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‘A spring fling full of balloons and bunting’: Big Gay Prom at Margate Arts Club, in 7 magical images

Attitude sweeps into the seaside hotspot to review its premiere LGBTQ venue ahead of Margate Pride on 10 August

By Jamie Tabberer

Party-goers at Margate Arts Club's Big Gay Prom (Images: Stephen Daly)
Party-goers at Margate Arts Club's Big Gay Prom (All images: Stephen Daly)

“The queer community feels small enough here that I can fit my arms around them and hug them,” says a friendly partygoer at Margate Arts Club of the tightknit group of LGBTQ+s who call the seaside town home. It’s Saturday night and the venue is at capacity.  

Dubbed Shoreditch-on-Sea, Margate has long been hip on a cellular level, thanks in part to the influence of its most famous resident, anarchic artist Tracey Emin, and the enduring appeal of the delightfully retro Dreamland amusement park, which comes complete with roller disco and rickety, 100-year-old rollercoaster.

But since Sink the Pink co-founder Amy Zing and her partner Luke (Pompom) Vandenberg upped sticks and moved here from London several years ago and bought the fabulous old building where they manage ‘queer-run, LGBTQIA+-focused, anti-racist, intersectional organisation’ Margate Arts Club, countercultural queers have been migrating to Margate in droves. During our visit, we lose count of the number of same-sex couples we spot, whether at the vast Turner Contemporary art gallery (unmissable), or over lunch at the delightfully retro Forts café on the seafront. 

At Margate Arts Club, there’s a plethora of inclusive activities (gay Morris dancing, anyone?) and club nights on offer. (Look out for a Farrow & Ball-led makeover in the near future. The paint manufacturer is supporting the LGBTQ+ scene by giving a number of venues a makeover for Pride this summer.) Tonight, it’s Big Gay Prom, an annual spring fling full of balloons and bunting. Guests clad in pastel shades of tulle pose for the in-house prom photographer. Queer women, whether cis, trans, or otherwise femme-presenting people, make up 80 per cent of the crowd, and there’s nary a Muscle Mary in sight. It’s a relief beyond words.  

A party-goer takes the mic

We’re taken aback, though, when a local girl tells us, “You’re the most masc-presenting people here.” We’ve been called many things in our time, but never “masc-presenting”. There’s a first time for everything. 

A drag performance popping off

Over an excellently mixed margarita, we explore the space, which dates back to 1903 and is unlike anything we’ve ever encountered on the nightlife scene before. From the warm wooden floors to the delightful little courtyard, it’s been lovingly restored to a smart, presentable standard, but retains heaps of ramshackle charm. You feel as if you’re in someone’s home — that of an eccentric Victorian old lady, to be precise. (What’s the female equivalent of a man cave? A she-shed?) One thrilling detail is the teal-painted façade, apparently windowless on the night of our visit. “That can’t be it, can it?” I wonder aloud on arrival, before knocking on the front door and entering, speakeasy-style, with a thrill.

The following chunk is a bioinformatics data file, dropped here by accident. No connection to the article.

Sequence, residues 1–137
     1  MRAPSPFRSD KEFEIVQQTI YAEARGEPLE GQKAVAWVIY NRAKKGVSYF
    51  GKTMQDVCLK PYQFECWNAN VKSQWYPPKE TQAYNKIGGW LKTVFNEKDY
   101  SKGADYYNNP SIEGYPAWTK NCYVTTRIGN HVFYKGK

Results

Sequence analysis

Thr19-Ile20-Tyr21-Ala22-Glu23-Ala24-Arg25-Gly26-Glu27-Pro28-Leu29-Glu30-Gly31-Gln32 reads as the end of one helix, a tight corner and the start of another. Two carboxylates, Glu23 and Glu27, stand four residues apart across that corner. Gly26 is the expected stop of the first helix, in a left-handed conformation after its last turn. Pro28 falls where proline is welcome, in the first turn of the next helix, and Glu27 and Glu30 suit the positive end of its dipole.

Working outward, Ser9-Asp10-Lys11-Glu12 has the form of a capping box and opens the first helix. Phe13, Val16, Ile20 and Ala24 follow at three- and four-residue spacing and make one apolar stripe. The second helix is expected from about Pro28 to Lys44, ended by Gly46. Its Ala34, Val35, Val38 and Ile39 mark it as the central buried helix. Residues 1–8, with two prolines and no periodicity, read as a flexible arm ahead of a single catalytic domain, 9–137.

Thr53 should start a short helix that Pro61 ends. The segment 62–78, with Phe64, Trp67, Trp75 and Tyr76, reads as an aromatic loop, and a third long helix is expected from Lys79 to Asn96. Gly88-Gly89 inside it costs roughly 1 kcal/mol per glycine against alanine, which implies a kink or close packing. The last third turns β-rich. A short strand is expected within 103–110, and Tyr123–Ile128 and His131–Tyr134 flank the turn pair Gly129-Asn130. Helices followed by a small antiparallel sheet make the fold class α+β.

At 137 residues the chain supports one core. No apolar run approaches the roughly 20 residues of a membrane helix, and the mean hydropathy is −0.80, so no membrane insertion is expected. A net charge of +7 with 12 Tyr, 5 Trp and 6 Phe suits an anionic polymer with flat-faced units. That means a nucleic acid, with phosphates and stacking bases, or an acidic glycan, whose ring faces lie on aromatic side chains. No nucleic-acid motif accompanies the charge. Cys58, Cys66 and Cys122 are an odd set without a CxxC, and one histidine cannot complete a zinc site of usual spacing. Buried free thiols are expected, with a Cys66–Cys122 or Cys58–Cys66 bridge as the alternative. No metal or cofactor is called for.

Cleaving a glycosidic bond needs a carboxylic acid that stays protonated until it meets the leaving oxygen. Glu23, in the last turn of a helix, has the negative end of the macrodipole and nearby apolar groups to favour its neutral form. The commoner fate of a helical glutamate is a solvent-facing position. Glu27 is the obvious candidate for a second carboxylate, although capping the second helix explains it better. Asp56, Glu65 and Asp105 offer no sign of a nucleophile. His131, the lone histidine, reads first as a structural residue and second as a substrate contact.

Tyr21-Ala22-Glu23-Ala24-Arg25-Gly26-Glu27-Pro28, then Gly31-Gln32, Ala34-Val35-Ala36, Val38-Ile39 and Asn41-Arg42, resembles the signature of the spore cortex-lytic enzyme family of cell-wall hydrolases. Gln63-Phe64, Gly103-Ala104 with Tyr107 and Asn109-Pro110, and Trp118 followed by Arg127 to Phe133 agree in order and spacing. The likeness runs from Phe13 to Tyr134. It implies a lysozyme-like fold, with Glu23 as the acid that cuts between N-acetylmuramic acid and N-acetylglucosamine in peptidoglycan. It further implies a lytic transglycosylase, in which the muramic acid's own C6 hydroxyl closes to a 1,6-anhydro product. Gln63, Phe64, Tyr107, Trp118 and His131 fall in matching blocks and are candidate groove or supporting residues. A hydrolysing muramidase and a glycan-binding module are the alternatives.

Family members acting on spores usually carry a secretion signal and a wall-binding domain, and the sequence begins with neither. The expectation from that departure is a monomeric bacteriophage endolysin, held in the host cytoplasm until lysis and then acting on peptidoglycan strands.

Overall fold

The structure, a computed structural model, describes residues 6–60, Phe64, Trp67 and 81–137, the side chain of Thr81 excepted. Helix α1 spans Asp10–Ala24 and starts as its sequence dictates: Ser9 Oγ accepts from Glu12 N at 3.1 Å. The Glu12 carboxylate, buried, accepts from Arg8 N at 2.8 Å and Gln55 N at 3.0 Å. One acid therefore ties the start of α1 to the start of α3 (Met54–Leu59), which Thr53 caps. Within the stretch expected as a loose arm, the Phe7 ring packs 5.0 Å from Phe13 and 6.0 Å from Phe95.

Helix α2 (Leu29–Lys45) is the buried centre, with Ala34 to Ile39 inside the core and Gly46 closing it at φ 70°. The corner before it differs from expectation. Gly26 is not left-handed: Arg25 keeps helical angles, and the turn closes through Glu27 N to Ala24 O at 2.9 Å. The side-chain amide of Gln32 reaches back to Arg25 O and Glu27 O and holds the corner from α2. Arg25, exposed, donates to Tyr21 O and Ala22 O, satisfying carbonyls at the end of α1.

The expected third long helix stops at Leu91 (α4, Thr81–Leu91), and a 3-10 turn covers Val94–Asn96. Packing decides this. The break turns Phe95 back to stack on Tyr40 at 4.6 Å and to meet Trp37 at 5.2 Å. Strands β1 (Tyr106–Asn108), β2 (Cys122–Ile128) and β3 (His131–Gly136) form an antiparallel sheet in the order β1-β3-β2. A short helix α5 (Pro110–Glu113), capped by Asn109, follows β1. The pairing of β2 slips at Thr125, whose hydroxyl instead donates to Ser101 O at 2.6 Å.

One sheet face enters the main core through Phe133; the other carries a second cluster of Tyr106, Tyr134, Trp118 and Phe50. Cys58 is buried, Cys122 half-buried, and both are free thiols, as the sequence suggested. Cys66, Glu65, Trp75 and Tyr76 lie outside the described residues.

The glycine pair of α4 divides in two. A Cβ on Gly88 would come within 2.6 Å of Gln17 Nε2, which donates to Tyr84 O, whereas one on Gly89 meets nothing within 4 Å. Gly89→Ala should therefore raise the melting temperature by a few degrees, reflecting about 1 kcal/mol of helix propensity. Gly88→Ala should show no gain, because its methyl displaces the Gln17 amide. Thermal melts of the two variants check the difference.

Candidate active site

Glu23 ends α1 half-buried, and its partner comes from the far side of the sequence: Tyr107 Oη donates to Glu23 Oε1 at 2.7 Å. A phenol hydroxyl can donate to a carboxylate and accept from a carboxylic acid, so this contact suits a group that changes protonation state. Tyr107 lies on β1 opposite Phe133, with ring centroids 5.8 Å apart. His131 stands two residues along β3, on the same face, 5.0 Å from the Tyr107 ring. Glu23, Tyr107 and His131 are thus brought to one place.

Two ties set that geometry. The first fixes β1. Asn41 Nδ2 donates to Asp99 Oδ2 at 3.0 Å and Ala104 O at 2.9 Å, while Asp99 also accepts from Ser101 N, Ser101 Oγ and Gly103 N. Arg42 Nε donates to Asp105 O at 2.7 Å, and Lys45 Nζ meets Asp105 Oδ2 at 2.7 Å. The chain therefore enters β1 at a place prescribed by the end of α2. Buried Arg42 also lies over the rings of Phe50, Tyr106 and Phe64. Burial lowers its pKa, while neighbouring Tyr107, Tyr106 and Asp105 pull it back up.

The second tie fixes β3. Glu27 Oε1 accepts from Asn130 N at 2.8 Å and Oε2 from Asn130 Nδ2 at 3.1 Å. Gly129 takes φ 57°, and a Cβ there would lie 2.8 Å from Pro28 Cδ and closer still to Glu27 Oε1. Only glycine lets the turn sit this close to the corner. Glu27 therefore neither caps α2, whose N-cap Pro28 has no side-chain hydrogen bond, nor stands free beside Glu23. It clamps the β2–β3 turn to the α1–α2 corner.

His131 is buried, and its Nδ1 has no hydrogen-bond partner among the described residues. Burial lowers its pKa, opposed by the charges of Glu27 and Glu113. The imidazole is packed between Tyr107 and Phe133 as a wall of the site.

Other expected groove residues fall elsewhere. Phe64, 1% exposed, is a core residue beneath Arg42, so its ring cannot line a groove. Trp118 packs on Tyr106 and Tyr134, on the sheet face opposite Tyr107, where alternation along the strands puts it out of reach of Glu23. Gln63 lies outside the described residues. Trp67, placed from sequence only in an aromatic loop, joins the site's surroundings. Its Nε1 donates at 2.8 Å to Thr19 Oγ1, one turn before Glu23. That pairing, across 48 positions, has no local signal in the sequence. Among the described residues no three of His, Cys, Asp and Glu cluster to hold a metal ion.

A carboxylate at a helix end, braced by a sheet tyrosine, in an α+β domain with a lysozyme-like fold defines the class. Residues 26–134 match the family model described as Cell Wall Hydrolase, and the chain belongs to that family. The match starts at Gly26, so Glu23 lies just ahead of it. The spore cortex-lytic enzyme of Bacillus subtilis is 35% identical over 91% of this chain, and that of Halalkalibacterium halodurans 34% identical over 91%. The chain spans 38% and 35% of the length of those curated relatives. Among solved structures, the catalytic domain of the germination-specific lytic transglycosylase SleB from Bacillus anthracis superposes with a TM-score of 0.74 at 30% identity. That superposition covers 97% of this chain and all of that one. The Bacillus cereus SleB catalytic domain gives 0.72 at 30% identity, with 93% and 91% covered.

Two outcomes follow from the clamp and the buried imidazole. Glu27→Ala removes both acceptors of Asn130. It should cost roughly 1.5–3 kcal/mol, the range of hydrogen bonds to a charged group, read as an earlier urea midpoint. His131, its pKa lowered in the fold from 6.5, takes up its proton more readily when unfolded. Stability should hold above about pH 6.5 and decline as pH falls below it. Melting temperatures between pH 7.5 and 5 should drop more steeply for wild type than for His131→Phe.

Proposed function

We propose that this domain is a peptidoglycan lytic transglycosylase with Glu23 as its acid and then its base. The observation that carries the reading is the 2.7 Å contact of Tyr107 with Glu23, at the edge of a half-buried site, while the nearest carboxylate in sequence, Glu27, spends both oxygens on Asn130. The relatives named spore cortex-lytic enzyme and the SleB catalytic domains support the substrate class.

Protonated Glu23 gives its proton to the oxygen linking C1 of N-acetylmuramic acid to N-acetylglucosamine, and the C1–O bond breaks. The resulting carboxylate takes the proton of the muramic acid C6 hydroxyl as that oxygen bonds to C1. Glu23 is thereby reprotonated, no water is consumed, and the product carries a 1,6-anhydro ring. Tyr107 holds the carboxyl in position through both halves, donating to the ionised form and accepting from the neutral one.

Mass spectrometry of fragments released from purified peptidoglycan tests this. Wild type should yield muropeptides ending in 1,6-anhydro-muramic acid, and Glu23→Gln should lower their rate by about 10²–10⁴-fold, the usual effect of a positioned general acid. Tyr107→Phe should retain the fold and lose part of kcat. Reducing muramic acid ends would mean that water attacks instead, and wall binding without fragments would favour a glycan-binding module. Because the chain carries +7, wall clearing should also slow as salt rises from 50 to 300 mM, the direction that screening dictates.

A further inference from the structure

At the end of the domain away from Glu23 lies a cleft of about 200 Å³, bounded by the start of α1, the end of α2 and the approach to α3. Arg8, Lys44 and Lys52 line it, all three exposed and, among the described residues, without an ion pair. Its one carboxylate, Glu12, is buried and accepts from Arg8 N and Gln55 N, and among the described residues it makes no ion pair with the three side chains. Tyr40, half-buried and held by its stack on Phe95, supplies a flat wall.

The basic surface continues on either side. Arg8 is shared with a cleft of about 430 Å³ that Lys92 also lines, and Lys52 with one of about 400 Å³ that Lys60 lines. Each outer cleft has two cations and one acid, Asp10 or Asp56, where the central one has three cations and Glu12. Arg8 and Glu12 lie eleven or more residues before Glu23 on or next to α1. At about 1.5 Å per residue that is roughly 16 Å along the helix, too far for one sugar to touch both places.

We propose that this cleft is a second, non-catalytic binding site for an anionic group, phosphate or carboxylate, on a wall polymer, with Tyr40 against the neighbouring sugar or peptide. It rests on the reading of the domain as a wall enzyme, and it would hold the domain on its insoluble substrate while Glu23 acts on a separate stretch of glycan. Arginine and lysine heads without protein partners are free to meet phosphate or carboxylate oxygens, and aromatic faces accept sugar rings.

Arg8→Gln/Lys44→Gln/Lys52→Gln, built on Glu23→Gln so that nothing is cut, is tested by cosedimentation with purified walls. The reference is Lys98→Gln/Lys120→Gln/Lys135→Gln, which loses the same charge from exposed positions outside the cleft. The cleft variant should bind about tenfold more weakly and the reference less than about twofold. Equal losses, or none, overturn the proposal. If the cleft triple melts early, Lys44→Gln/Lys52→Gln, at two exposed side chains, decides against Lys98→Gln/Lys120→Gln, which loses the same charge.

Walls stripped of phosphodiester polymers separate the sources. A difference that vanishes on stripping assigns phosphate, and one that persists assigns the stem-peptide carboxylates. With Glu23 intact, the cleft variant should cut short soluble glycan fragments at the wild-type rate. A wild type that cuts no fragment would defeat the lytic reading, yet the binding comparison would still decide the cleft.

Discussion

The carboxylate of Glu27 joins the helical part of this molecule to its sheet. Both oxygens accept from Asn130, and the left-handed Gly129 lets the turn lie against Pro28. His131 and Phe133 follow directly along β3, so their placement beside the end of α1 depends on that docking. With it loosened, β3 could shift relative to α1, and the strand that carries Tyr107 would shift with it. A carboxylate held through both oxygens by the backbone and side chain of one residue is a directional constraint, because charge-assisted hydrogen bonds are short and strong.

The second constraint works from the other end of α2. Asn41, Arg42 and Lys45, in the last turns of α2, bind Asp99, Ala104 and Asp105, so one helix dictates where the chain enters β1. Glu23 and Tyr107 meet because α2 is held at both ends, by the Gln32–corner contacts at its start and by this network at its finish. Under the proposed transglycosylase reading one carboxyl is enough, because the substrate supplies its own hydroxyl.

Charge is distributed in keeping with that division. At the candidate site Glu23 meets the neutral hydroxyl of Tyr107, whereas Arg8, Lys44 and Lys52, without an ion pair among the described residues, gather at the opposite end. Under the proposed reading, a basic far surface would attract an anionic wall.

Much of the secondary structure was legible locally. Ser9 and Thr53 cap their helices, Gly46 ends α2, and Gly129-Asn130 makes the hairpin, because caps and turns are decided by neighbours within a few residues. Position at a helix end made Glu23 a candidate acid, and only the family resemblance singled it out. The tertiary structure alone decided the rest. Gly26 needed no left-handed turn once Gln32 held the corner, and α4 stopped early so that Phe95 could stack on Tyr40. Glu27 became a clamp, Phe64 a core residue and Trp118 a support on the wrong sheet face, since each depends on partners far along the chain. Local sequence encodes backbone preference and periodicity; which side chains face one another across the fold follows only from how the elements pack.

Party-goers at Margate Arts Club's Big Gay Prom

“We put in rolling doors from an old fire station,” explains Zing. “So, there’s the option to roll them around for daytime events. Then we roll them back to be cosy and private for club nights!” It’s a tight squeeze inside — albeit cosy rather than uncomfortable — which is alleviated by a recently opened underground area. “It’s got so popular on weekends that we had to extend down and make a second bar,” explains Zing. “It’s ideal as the weekends help fund the events we offer local groups for free. We host trans socials, Pride meetings, open-mic events, Pride banner-making workshops, and folks use it to rehearse and practise DJ-ing.” 

For much of the night, DJs Alex Norris and Grace Goslin opt for a surprisingly mainstream playlist — not that we’re complaining.

Attendees dancing up a storm

With 80s bangers like ‘Total Eclipse of the Heart’ by Bonnie Tyler to the odd modern-day cult pop favourite from the likes of Addison Rae playing, the crowd goes wild. Zing herself dances with the most feverish energy, her enthusiasm rubbing off on all in attendance. You never got that at XXL! Indeed, everyone is so comfortable in each other’s company that as a visitor, you naturally conclude they all know each other and lean into the house party vibes.  

An attendee in a pink cut off shirt

This intimacy turbocharges the confidence of the entertainers: prom king T33n_angst, a self-described “pop punk + emo drag queen of ur teenage dreamz”, serves an exuberant performance worthy of a McBusted audition (we mean that in a good way!), while prom queen Lori Mae riffs on the tiara scene in Mean Girls to delicious effect. It’s a riotous night; so much so, we may well return for Margate Pride from 10–11 August.  

Margate Arts Club 
276 Northdown Rd,
Margate CT9 2PT 

(All images: Stephen Daly)